Regulation: Called to account by law: SEC-style rules could soon dictate corporate governance in the UK

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The Independent Online
SIR Adrian Cadbury - chief begetter of the code that bears his name - has great faith in market forces. But even he accepts that, if it is felt in two years' time that companies have made insufficient progress on corporate governance, legislation to force change is likely.

Much of the Cadbury code is based on the Treadway Commission report on corporate governance, produced in the United States in 1987. So any legislation in the UK will probably be based on rulings of the Securities and Exchange Commission.

As with the Cadbury inquiry, the Treadway investigation was a response to a large number of frauds and company failures that came to light soon after financial statements showing the companies concerned to be in good health.

Some recommendations are now enshrined in law, and others are becoming so. At the end of last year, for example, the SEC brought in a ruling on 'proxy reform'.

Previously, if 10 or more shareholders of a company gathered to discuss anything, they had to file records with the SEC, so that their deliberations became public information. It was a cumbersome process and limited shareholders' influence on a company's management.

Now any number of shareholders can gather together to discuss company policy - to the extent of taking out newspaper advertisements declaring how they will vote on an issue and soliciting other shareholders' views - without needing formal SEC permission.

According to Larry Leva, SEC partner in the London office of KPMG Peat Marwick, the recent departures of the chairmen of General Motors, American Express and IBM bear witness to this new-found power and influence.

At the same time, the SEC brought in a rule on executive compensation. For the past three years, all forms of compensation of the five highest-paid officers in a corporation must be clearly and simply laid down. Moreover, the compensation committee has to disclose its methods of setting compensation. Alongside this, the company must show its results in terms of total returns to shareholders - dividends and share price - over a five-year period, compared with others in its industry and / or the Standard & Poor's 500 index.

'This one is trying to catch those situations where remuneration is heading north and returns to shareholders are heading south or staying flat,' said Mr Leva. 'It puts tremendous pressure on managers and gives shareholders another stick to beat them with.'

The SEC is also considering whether management reports (a statement by management that it takes responsibility for its financial statements and internal controls) should be included in SEC filings. The sticking-point has been coming up with a working definition of 'internal controls and standards'.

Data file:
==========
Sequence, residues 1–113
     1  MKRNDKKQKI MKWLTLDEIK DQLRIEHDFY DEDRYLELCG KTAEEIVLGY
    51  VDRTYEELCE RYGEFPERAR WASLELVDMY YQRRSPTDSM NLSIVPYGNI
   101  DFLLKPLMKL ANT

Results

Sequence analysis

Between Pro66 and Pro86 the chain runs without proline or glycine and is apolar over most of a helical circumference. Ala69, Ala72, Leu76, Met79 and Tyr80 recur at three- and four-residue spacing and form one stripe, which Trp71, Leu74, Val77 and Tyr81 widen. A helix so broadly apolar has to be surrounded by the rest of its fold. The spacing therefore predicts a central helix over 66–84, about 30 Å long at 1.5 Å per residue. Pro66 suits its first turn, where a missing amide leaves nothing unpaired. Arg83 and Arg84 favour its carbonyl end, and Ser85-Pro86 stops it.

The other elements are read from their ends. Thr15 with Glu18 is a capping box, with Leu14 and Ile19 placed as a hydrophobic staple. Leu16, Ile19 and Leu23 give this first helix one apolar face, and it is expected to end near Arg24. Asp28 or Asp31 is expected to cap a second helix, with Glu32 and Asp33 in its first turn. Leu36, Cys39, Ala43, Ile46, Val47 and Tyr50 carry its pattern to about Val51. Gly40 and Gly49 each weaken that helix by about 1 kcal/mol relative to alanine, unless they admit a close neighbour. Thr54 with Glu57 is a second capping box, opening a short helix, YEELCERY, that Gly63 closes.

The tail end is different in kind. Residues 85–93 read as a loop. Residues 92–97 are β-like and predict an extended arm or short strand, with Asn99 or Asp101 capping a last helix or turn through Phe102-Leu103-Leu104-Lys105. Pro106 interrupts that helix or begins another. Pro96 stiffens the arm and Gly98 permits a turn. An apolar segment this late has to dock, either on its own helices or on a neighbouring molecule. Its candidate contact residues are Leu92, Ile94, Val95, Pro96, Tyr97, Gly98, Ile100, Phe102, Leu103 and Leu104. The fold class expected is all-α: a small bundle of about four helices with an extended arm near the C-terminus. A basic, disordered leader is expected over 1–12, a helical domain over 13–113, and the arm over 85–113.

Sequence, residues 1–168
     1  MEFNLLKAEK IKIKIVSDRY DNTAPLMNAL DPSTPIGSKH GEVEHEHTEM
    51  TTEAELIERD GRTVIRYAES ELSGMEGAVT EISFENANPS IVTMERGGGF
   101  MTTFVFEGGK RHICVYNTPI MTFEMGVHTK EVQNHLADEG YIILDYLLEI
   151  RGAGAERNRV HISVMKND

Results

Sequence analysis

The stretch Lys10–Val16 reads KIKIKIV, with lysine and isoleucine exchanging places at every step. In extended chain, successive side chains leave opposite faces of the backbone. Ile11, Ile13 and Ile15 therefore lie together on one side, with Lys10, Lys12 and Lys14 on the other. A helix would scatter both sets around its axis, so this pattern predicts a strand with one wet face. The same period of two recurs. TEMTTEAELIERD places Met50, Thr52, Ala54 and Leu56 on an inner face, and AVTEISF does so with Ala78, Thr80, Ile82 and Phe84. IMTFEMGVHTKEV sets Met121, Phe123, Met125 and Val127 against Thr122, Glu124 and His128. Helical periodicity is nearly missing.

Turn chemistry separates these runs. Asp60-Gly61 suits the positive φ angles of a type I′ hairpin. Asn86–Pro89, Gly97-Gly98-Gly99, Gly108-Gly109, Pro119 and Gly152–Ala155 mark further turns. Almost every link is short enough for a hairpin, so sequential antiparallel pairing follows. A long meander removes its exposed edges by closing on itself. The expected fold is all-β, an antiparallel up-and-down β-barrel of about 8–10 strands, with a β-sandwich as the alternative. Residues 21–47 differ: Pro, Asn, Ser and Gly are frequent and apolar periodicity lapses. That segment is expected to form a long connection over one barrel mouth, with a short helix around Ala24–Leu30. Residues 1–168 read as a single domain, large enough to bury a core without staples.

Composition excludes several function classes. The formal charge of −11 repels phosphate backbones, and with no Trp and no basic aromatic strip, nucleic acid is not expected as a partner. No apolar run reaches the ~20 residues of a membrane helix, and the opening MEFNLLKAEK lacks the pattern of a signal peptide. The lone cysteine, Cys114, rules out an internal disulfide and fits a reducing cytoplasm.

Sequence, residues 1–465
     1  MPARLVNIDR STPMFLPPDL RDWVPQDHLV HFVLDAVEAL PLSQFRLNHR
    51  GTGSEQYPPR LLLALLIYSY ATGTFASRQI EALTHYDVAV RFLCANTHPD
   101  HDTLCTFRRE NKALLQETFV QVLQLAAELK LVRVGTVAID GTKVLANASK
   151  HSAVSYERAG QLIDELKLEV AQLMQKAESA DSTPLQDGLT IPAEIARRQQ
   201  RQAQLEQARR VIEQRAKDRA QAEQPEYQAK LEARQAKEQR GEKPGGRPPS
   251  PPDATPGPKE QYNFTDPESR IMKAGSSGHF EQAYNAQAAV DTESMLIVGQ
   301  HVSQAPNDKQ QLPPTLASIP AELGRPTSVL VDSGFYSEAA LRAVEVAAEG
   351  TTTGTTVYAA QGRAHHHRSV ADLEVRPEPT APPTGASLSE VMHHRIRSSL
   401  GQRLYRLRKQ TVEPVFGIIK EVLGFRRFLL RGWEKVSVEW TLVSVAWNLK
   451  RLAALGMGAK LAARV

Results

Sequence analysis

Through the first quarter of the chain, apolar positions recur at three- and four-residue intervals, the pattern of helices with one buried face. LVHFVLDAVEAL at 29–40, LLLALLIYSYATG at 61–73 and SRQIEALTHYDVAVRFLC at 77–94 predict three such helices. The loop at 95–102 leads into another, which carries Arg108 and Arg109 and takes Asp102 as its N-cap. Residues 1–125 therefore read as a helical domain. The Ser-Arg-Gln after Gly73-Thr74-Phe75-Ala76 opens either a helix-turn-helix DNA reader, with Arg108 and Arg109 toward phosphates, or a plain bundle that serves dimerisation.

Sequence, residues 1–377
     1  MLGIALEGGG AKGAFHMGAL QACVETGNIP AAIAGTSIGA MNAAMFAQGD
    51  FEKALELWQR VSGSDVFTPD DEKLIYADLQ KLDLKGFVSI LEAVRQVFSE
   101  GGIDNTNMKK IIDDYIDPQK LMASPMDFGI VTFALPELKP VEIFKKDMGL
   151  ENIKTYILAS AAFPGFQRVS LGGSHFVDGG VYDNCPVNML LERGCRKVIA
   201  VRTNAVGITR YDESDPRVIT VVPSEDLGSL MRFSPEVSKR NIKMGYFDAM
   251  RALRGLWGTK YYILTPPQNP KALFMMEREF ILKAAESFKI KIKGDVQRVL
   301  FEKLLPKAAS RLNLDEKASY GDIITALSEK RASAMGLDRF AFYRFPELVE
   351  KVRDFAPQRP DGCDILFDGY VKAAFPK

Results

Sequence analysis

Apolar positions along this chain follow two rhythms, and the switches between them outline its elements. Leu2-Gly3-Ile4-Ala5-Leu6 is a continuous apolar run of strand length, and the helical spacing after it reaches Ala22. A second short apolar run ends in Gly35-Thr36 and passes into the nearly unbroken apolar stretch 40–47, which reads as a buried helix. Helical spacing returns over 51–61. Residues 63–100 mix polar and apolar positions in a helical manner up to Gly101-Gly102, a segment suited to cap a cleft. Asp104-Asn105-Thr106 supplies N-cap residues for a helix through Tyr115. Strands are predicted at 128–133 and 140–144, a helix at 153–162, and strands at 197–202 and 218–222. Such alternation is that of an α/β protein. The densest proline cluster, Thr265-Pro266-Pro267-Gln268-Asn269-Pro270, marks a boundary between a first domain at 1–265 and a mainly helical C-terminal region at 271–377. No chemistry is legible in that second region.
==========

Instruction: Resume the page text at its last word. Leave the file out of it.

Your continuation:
Mr Leva said it was only a matter of time before similar legislation was introduced in the UK. 'UK institutions will see the information available to their US counterparts, and the power they wield, and will want the same thing.' He added that investors in US companies would want to exert the same pressure on the UK companies in which they had interests.

However, Jonathan Charkham, special adviser to the Governor of the Bank of England and a member of the Cadbury Committee, disagrees with Mr Leva. Mr Charkham argues that every country's corporate governance system reflects its history and its fundamental social attitudes. He said the highly litigious US culture ('to an American 'due process' - the right to go to the law - is absolutely critical') had determined its governance system and 'hence SEC legislation'.

Mr Charkham said shareholders in the US had been known to sue company directors for accepting a takeover bid that shareholders believed was too low. In Japan, by contrast, taking recourse to the law is regarded as 'a very sad and shameful admission of the failure of human relationships'.

Mr Charkham agrees with Mr Leva, however, that US shareholders are more interested in corporate governance matters and express their views more publicly than their UK counterparts. Even private shareholders are active.

Many belong to the United Shareholders' Association, which grades companies according to their compliance with what it considers to be good principles of corporate governance, and tackles those it considers poor performers.

And there is a growing feeling that more active shareholders will do as much as anything to influence corporate governance in the UK.

Meanwhile, Sir Christopher Hogg, chairman of Courtaulds, Reuters and SmithKline Beecham, which are all listed in the US, stresses that the pedantry and bureaucracy involved in complying with SEC regulations would not be welcome on this side of the Atlantic. 'SEC requirements don't necessarily make people any more sensible, nor does the US system of corporate governance make US companies more effectively governed than they are in the UK,' he said.

He welcomed more disclosure and higher standards in the UK as 'vital in an increasingly competitive marketplace'. But he warned: 'My biggest fear is that people may forget that business is about risk taking and start to play the process.'

He drew attention to the very first paragraph of the Cadbury report: 'The country's economy depends on the drive and efficiency of its companies. Thus the effectiveness with which their boards discharge their responsibilities determines Britain's competitive position. They must be free to drive their companies forward but exercise that freedom within a framework of effective accountability. This is the essence of any system of good corporate governance.'

(Photograph omitted)